As motorists fill their tanks before the latest fuel price hikes kick in, South African Federation of Trade Union(Saftu) says the working class will bear the brunt of the increases.
From the stroke of midnight, 93 octane will cost 26 cents more, while 95 is going up 23 cents per litre.
You’ll also have to fork out up to 26 cents more for diesel, while illuminating paraffin is going up between 22 and 30 cents.
Saftu’s Zwelinzima Vavi says the major concern is that salaries aren’t going up.
“If you see a decline in the wages, can you imagine what will be the impact of the petrol increase a few weeks ago and tonight?”
The fuel hike is just one of the many increases that consumers face, municipal rates have gone up and food will eventually increase in the coming months.
MOTORISTS REACT TO LATEST PETROL INCREASE
While the latest fuel price hikes will kick in at midnight, many Johannesburg motorists say they’re feeling the pinch.
“It keeps on going up [and] salaries are not getting more, we are sitting in a tough space,” said one man.
Another motorist said: “For now it’s school holidays, we’re trying to budget things for kids. And trying not to take them too far and not spending too much on petrol. Obviously, with the price going up, it has affected us.”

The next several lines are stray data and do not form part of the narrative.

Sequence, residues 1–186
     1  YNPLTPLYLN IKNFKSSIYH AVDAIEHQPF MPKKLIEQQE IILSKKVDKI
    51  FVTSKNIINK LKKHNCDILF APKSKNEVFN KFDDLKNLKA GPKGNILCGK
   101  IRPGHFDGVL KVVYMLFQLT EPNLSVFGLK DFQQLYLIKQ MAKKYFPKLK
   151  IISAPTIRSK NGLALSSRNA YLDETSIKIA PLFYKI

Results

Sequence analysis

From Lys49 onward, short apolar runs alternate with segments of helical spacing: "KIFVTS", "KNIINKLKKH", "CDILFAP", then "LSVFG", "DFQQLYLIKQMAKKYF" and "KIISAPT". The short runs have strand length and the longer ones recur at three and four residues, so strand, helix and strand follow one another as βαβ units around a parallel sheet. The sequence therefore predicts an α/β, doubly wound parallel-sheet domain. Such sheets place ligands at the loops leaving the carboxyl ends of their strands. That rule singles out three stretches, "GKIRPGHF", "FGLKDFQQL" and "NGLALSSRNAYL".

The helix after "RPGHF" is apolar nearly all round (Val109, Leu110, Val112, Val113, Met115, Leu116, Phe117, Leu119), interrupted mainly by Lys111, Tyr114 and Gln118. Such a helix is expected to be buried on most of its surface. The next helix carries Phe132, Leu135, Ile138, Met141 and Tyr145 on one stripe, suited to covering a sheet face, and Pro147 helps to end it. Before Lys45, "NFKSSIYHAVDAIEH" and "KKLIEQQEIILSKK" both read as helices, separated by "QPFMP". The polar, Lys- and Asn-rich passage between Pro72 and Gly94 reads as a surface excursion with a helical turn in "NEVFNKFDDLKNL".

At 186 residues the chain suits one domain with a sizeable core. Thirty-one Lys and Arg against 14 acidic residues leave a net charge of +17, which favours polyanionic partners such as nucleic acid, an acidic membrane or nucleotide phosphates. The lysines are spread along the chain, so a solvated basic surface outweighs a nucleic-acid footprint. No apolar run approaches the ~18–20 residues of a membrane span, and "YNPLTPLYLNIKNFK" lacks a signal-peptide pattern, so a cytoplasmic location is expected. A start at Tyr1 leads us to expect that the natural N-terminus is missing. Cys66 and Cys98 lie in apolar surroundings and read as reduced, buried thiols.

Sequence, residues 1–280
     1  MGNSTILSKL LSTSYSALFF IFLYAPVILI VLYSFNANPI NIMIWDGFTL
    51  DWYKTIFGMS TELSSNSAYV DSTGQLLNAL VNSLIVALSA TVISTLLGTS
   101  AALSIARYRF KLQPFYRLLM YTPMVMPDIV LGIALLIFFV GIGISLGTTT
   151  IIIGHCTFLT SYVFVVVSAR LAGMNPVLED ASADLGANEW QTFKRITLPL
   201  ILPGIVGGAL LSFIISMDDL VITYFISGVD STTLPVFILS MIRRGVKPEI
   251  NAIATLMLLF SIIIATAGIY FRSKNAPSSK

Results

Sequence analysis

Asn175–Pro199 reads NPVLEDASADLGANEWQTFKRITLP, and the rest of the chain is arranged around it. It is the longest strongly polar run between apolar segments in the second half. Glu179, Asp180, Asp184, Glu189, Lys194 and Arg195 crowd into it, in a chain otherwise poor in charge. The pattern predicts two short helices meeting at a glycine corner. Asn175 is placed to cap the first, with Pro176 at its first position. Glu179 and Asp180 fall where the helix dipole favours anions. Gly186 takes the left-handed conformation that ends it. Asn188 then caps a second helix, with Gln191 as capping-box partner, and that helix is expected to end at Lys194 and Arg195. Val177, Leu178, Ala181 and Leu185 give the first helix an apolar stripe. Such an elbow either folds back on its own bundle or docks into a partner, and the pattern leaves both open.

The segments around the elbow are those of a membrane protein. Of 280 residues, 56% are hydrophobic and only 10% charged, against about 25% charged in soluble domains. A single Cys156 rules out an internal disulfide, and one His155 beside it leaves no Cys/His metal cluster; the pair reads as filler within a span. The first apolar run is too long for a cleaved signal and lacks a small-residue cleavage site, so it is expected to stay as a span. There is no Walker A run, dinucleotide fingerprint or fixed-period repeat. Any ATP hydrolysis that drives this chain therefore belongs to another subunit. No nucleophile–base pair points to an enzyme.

“I would love it if our public transport was actually much better, but I prefer to use my own vehicle,” said another.
“I use a car almost every day, so the money I’m spending on petrol is too much. It’s a lot of money.”
Motorists in Cape Town say the fuel price increase will have a devastating effect on their monthly budget.
Many motorists have told Eyewitness News they simply cannot afford another increase. They say food and travelling expenses are already at an all-time high.
“I feel very sad because it’s expensive and we can’t afford it anymore… I think the government needs to think of something else,” said one motorist.
Another said: “I think it’s insane and we are being exploited. I also think that this is daylight robbery. Now there’s another increase, so it will be difficult for us to use our motor vehicles, otherwise, we are forced to use public transport.”